Adult college ‘changes lives’

Adult college ‘changes lives’

Working Men’s College, a specialist designated institution in North London, is celebrating an ‘outstanding’ Ofsted grade. Rebecca Cooney reports 

When Ofsted published its report late last month, Working Men’s College principal Satnam Gill (pictured right) described the result as a “real tribute to the amazing work” by teachers and students.

He said: “On leaving, the lead inspector said ‘This is what adult education should be’.”

In the  report, published on April 30, the Camden adult education college gained level one in every area for overall effectiveness, level one for its provision in the visual arts and subject areas for English for speakers of other languages (ESOL), and a level two in the language, literature and culture subjects.

The report praised Mr Gill’s “excellent leadership and clear strategic direction” and highlighted the college’s success rates, which were “significantly above national averages for nearly all subjects”.

According to Ofsted, most of the college’s students study part time, with just 62 out of 4,204 studying full time last year, and 3,009 studying at level one or below.

The college, the oldest adult education institution in Europe, draws its intake largely from the surrounding borough, an area that has high levels of deprivation.

The report noted the “very high” standard of learners’ work and the progress many of them made, despite “significant barriers” to learning.

It continued: “Learners develop many additional skills, gaining confidence and enhancing their lives and their employability.

“Many report that their lives have changed significantly as a result of their college experience.”

Level two childcare student Charity Uruakpa, who came to the college after struggling to become a lawyer, said: “My tutor made me realise there’s more to life than disappointment, and now I’m going to have a second career.

“I think this college is truly excellent — they know how to give people second chances here.”

Twenty-seven per cent of the residents of Camden are from ethnic minority communities, and the college’s ESOL provision was described as not only “outstanding” but also as “stimulating” and “fun”.

Inspectors praised teaching at the college, particularly the high expectations that the “well-qualified, empathetic and knowledgeable” tutors had of students, resulting in “learners who are highly motivated and undertake further independent study and research”. They also praised the care and support at the college.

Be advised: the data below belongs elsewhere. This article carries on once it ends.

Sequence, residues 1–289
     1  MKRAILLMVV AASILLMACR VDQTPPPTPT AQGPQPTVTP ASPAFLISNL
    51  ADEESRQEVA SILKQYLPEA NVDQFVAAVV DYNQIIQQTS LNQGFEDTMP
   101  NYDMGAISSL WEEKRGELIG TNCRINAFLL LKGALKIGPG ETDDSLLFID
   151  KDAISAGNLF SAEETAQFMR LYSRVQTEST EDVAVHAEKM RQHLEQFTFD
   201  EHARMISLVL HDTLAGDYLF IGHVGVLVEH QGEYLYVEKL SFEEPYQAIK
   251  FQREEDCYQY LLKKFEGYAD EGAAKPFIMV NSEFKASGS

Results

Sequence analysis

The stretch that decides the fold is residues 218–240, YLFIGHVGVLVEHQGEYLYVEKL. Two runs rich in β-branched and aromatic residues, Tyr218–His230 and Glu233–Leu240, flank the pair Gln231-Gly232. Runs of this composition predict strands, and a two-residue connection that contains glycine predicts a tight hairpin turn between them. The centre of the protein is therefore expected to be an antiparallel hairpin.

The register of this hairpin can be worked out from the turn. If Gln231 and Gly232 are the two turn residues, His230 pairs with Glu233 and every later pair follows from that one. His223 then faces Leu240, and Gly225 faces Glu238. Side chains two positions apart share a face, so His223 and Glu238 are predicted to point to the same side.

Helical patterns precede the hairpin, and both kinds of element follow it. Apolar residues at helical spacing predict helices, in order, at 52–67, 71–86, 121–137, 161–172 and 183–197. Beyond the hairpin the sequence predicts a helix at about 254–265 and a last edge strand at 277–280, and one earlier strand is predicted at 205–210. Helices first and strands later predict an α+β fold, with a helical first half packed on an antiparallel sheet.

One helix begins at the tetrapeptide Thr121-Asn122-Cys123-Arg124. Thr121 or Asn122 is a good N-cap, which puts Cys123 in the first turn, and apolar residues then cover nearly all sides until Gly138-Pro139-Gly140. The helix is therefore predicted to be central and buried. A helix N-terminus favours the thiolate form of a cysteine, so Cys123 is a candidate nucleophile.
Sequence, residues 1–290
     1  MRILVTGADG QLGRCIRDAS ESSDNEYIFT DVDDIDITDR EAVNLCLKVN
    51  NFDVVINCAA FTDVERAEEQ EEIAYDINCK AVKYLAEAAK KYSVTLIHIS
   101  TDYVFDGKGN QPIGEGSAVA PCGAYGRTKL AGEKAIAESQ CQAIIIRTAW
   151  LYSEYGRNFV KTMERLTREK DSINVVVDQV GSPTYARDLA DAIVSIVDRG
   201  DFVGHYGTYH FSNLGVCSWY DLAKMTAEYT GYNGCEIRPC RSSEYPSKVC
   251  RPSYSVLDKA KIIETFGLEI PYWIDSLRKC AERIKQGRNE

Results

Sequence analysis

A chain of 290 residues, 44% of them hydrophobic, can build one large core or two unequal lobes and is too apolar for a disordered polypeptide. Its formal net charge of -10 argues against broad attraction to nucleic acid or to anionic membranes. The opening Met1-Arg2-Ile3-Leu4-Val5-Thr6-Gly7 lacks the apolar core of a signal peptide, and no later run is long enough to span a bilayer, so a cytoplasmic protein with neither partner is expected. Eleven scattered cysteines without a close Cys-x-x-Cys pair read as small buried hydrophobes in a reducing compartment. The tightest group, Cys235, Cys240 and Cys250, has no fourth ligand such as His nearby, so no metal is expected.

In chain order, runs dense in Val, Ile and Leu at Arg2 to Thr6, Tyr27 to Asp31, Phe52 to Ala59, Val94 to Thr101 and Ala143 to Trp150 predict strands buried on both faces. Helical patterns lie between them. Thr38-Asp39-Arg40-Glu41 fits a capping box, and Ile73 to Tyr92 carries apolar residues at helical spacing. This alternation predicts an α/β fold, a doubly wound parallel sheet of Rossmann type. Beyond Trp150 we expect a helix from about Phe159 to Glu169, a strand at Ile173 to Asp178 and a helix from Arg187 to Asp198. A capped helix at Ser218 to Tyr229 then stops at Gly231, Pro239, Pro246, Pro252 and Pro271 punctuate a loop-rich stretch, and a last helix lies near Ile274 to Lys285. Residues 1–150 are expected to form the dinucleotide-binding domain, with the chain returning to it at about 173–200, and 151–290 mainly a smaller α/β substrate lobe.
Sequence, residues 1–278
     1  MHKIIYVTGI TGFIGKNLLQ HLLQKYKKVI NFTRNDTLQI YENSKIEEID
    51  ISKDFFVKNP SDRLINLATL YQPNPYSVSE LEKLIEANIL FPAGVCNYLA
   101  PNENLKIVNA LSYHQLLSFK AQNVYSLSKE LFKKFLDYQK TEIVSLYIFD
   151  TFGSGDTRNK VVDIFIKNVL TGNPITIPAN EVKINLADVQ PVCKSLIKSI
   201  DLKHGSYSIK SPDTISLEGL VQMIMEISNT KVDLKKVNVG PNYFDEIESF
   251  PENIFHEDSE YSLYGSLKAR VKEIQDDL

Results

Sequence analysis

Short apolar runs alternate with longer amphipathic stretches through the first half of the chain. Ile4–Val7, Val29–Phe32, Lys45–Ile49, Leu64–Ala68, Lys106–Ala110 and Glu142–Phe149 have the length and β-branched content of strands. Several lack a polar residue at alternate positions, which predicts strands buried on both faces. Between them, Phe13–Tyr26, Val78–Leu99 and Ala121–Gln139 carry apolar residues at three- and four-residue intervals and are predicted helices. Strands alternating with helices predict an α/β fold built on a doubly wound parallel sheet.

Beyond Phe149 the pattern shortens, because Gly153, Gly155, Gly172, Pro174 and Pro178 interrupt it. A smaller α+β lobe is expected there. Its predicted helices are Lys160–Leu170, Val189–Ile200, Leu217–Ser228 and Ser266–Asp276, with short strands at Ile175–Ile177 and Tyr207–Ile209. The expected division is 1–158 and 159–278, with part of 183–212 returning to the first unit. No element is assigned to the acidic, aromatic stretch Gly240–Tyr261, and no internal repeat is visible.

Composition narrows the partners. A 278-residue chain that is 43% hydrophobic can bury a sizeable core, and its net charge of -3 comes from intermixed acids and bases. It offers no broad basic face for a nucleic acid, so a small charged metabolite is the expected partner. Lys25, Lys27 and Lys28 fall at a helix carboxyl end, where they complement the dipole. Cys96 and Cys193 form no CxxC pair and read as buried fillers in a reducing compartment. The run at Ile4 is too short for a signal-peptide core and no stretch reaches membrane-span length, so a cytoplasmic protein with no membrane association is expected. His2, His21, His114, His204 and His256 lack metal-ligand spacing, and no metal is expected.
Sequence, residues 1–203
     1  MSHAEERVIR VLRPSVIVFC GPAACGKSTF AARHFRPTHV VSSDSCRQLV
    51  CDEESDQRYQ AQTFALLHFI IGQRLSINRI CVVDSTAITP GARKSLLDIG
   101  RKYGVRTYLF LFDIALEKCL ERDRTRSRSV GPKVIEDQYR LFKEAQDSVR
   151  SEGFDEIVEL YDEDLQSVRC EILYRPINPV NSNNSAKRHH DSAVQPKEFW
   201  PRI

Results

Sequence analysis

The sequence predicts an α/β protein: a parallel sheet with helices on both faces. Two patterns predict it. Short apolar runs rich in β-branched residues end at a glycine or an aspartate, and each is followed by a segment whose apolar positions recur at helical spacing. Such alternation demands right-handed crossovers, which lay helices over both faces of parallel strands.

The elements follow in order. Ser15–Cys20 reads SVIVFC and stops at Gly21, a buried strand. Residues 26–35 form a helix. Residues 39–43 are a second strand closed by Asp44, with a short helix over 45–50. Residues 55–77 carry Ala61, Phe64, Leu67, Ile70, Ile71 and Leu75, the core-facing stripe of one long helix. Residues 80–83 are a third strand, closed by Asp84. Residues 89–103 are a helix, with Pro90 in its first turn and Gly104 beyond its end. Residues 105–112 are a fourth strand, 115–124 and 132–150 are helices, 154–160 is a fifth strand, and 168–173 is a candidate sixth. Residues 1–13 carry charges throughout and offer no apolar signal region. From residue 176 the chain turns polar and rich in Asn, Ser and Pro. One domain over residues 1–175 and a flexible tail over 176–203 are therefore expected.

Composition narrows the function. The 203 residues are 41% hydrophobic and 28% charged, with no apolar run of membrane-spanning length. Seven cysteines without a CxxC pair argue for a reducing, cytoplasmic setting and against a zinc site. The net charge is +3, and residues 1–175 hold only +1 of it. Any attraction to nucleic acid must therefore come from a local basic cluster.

Mr Gill added: “It is wonderful that during a period of considerable financial problems for adult education, Ofsted has recognised that WMC is a fantastic place to study, that we deliver outstanding results for our learners and the local community.”

From left: Rebecca Cooney, childcare learner Charity Uruakpa, 42, tutor Sarah Bowman, and learner Jamila Khan, 23, displaying their homemade musical shakers

FE Week reporter Rebecca Cooney went to ‘back to college’ to find out more about London’s outstanding adult education institution…

I’d be lying if I said I wasn’t a bit nervous about the classes on my whirlwind tour of some of the courses at Working Men’s College, including graphic design, ceramics, childcare and most daunting of all, life drawing.

I struggled to put my finger on what seemed unusual about the modern foyer of the red-brick Edwardian college building, where posters for public lectures held in the 19th century sat alongside television screens advertising today’s courses, until I realised most of the students coming in and out of classes weren’t teenagers — their ages seemed to range from around 18 to 80.

In my life drawing class, former TV producer, 68-year-old Paul Kafno, told me he’d attended the class for eight years.

“I did a life drawing class at university, and I wasn’t any good at it, so I thought ‘when I retire I’m going to learn to do it properly’,” he said.

From left: Reporter Rebecca Cooney learning basic ceramics techniques with tutor Joanna Voit and Creating an album cover in graphic design class with help from tutor Tony Jennings

Similarly, while I was being taught to make a basic (and wobbly) pinch pot by ceramics tutor Joanna Voit, one of my fellow students, a retired languages teacher who was sculpting an impressive peacock, told me she took up ceramics because she wanted to do something with her hands.

Childcare student Jamila Khan, 23, hoped that her course would help her to achieve her dream of working in a nursery.

“The course has helped me to understand how to work with difficult children and gave me work experience, which is important when you want to get a job,” she said.

“I wouldn’t want to go to any other college.”

It’s easy to see how Working Men’s College got its grade. I loved all of the classes I went to, and more importantly, the learners clearly did too.

Tutors were supportive, patient and helpful, whether teaching learners wanting to go on to higher education or into employment, or learners simply exploring different sides of their personalities. Or trying to teach me to make a pot in 25 minutes.

Rebecca Cooney concentrating on shading in life drawing class 

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What is a specialist designated institution?

Working Men’s College is a specialist adult education institution, as designated in the 1992 Further Education Act. In London these types of specialist designated institutions (SDI) include Morley College, the City Lit, the Mary Ward Centre and the Workers Educational Association. SDIs are classed by Ofsted as adult and community learning providers.